Gittens was also irked that Wilson didn’t bring top Corrections Bureau brass from St. Croix. Wilson said they were in training, on bereavement leave or on vacation. He said he told his staff to take vacation during the summer since he wanted them to be around for a planned September audit.

“That excuse isn’t going to ride here today,” Gittens said.

Gittens was also troubled by the fact that Wilson moved his office out of Golden Grove two years ago. Wilson said “experts” indicated to him that he needed to give the recently hired warden a chance to establish himself in that capacity. He said he visits Golden Grove about once a month and the St. Thomas jail about twice a month.

Wilson said the St. Thomas warden’s authority was well established since he worked at the facility for many years.

At issue for some of the senators is how contraband like weapons and drugs are getting into facilities on both St. Thomas and St. Croix. After Wilson mentioned visitors vendors and corrections officers, Sen. Alicia Hansen added another method to the list.

“Cats,” Hansen said.

She alleged that people tie drugs to a cat before chasing it in through the fence at Golden Grove.

Several senators mentioned Golden Grove's perimeter fence as a place where contraband could just be tossed to inmates.

Rehabilitation was an issue for some senators, but Wilson said despite paying them $40 a month to attend the prison’s GED program, it was hard to convince inmates to take advantage of educational opportunities offered by the prison.

He said that prisoners get time off their sentences for good behavior but suggested that they also get their sentences reduced for attending classes.

Wilson said he’d like to see legislation that gives wardens more flexibility in who gets to go on work release programs. He said that although some prisoners would do fine on work release, they’re not allowed out until they have only two years left on their sentence.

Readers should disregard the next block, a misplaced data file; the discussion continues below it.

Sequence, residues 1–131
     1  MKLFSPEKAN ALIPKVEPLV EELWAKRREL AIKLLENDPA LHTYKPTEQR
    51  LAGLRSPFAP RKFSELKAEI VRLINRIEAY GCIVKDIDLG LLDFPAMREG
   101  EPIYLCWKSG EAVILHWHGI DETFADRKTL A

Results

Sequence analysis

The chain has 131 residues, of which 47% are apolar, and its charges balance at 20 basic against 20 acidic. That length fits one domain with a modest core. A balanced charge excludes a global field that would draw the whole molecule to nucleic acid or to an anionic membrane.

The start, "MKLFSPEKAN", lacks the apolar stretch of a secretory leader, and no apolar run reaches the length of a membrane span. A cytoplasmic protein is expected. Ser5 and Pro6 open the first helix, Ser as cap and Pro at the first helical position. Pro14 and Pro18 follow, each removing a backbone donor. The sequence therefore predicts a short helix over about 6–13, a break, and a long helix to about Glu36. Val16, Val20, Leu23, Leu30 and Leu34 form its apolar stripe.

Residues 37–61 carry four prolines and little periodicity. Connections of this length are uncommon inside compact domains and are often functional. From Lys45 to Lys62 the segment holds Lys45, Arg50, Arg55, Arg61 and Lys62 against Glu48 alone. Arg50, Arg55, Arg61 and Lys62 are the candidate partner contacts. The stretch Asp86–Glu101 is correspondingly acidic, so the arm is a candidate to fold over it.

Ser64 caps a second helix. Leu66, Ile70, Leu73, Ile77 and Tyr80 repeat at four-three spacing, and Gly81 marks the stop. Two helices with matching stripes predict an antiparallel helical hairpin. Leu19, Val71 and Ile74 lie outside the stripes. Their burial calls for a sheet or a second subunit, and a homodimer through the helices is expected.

“We need more discretion,” he said.

Wilson said corrections officers' pay was an issue, but they are going to get their raises negotiated starting with the new fiscal year on Oct. 1. He said it would cost the department about $2 million to give the raises, money he said would come out of the $2.8 million the bureau previously spent on overtime.

As with most legislative meetings, numerous figures came to light. Wilson said that the territory has a 38 percent recidivism rate, which he said was about the national average.

“But that’s way too high,” he said, adding that the bureau needs to do a better job in preparing prisoners to return to the community.

He said housing and jobs were major concerns when releasing prisoners.

Wilson said 27 percent of the prisoners are serving sentence of one to 10 years, with 26 percent incarcerated for 10 to 20 years.

Sen. Sammuel Sanes, who had chaired a similar legislative committee, said that the senators must start demanding change because the situation was at a critical point.

“It’s time for serious action to be taken,” he said.

In addition to Buckley, Gittens, Hansen, and Sanes, Sen. Clarence Payne attended the meeting. Sens. Craig Barshinger and Tregenza Roach were absent. Sen. Terrence Nelson and Sen. Nereida Rivera O’Reilly, who are not on the committee, also attended the meeting.